Early Stage Marketing and Sales – The “Why” vs. the “What”
I was at a Rally Software board meeting where we spent a chunk of time finalizing and approving the 2005 operating plan. A big part of the discussion – not surprisingly – was on the sales ramp and the corresponding expense base (and timing of opex growth throughout the year based on a prediction of sales growth and performance.)
Rally started shipping their product in mid-2004. So – 2005 is their first full year of product ship. They have a nice, active customer base that is growing as expected. The growth curve is ambitious (but achievable) for 2005 – f they make plan, they’ll have a great year. However, their operating expense ramp (pre-board meeting discussion) assumed they made the sales plan. The guys running Rally are responsible and know how to sandbag a plan, so we’re confident that they won’t pull the trigger on hiring if they don’t see the sales ramp happening. The going in proposal (and plan) assumed they hit their numbers relied on management backing off hiring if they missed their numbers.
I’ve been involved in over 100 companies. None of them ever have made their operating plan on their first year of product ship. Occassionally they outperform, but they almost always underperform for some reason. The reasons are often logical and non-fatal, but the dynamic that gets created is one where the business is always “behind plan.” This sucks.
I made the strong point that I actually care LESS about “making our 2005 revenue plan” then I do about learning why people are interested in what we do, why they turn into real prospects, why they become customers, and why they buy more stuff from us. I know – with certainty – that our 2005 revenue forecast is wrong – we just don’t have enough data to have any precision on it. So – I want to learn the “why” in 2005 – not that “what.”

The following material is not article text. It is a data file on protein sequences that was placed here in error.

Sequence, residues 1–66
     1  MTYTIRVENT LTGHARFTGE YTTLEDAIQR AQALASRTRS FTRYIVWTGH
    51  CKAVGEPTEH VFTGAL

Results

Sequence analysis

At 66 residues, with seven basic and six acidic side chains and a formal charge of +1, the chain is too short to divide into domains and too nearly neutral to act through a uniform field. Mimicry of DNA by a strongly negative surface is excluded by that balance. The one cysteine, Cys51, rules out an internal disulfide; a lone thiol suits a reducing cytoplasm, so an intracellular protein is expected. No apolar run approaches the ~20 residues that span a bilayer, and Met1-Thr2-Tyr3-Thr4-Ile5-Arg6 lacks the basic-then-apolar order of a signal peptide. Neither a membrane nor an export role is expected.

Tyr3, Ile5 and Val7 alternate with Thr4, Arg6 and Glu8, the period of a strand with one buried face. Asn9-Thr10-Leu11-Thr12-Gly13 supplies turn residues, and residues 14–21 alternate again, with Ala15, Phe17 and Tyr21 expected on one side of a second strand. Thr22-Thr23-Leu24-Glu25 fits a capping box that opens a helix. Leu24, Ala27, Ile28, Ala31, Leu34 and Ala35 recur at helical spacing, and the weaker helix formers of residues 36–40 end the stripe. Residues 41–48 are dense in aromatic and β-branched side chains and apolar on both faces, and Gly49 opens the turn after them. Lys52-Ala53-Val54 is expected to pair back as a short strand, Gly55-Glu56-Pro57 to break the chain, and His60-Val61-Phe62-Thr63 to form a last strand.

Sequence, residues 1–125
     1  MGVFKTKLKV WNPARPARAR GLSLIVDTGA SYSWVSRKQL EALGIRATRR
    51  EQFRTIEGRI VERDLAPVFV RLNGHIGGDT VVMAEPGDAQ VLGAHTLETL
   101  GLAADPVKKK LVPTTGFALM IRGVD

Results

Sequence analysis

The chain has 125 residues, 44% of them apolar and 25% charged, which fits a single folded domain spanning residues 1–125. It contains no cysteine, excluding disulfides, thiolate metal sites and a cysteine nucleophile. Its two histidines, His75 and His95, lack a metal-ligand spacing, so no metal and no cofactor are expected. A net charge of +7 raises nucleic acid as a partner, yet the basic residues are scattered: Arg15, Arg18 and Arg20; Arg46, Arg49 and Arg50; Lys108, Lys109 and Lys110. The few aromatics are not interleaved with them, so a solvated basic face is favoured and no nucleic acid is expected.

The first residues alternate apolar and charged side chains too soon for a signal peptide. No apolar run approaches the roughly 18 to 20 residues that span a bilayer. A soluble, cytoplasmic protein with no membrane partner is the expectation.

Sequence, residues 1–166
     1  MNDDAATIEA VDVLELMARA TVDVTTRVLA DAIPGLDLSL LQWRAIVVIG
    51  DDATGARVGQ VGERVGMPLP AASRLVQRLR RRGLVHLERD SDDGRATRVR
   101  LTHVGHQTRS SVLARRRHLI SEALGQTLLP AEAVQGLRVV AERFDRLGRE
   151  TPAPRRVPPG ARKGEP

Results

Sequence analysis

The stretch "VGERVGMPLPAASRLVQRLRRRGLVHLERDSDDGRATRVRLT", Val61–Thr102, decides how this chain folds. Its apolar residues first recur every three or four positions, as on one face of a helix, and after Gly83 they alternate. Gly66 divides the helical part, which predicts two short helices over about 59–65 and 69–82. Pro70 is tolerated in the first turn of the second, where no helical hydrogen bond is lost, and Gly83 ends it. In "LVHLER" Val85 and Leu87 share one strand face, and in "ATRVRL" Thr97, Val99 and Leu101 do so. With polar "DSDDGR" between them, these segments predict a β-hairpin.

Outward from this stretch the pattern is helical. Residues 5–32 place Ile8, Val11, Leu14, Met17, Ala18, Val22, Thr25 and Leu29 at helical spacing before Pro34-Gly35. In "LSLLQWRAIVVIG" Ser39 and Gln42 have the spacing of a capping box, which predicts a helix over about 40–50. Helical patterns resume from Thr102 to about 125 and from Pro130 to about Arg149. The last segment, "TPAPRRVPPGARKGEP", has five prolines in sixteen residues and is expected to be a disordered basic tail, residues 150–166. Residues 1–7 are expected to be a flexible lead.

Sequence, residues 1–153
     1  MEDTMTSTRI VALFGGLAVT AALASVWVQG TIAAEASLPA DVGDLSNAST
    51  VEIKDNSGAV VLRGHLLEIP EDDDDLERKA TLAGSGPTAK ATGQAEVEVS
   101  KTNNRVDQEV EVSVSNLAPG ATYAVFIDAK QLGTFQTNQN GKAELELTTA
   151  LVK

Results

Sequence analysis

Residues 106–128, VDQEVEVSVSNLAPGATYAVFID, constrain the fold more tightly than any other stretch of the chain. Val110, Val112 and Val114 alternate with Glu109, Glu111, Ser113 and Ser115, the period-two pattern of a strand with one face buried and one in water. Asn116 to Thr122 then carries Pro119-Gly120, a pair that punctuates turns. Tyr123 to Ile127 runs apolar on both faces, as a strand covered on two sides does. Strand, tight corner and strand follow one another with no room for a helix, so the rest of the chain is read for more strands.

We do have a sales force to comp, a team to motivate, and a plan to achieve. So – the “what” is important. However, in my experience, the way to calibrate things is to set up the operating plan so you are in a position to increase opex as you are successful vs. having to back off spending (or hiring) if you fall short of plan. I’d rather go to a board meeting mid-year where the management team says “we’ve hit our revenue ramp so far this year so we want to pull some head count adds forward” vs. the meeting that says “we missed our revenue ramp so we’re holding off hiring folks in the plan.” The nuance is subtle but the dynamic is important – as you succeed, you get to apply more resources; if you don’t reach your goal, you haven’t assumed more resources (e.g. we can’t hit the goal because we need the resources.)
It also reinforces the focus on the “why.” If we fall short of plan, we’ll focus on “why.” If we exceed plan, we’ll rejoice, talk about “why”, and add more resources. However, we won’t spend a lot of time agonizing over “what we should do because we missed plan.”
The first full year of product ship for a software company is a very defining year. I’ve seen way too many of my VC cohorts believe that the operating plan and forecast is gospel and spend all their time in year one of product ship (and usually year two of the business) focusing on the quantitative financial metrics rather than understanding how things actually work in the business. Financial planning is imprecise early in a business – a smart executive team understands this and sets the right expectations and parameters around it.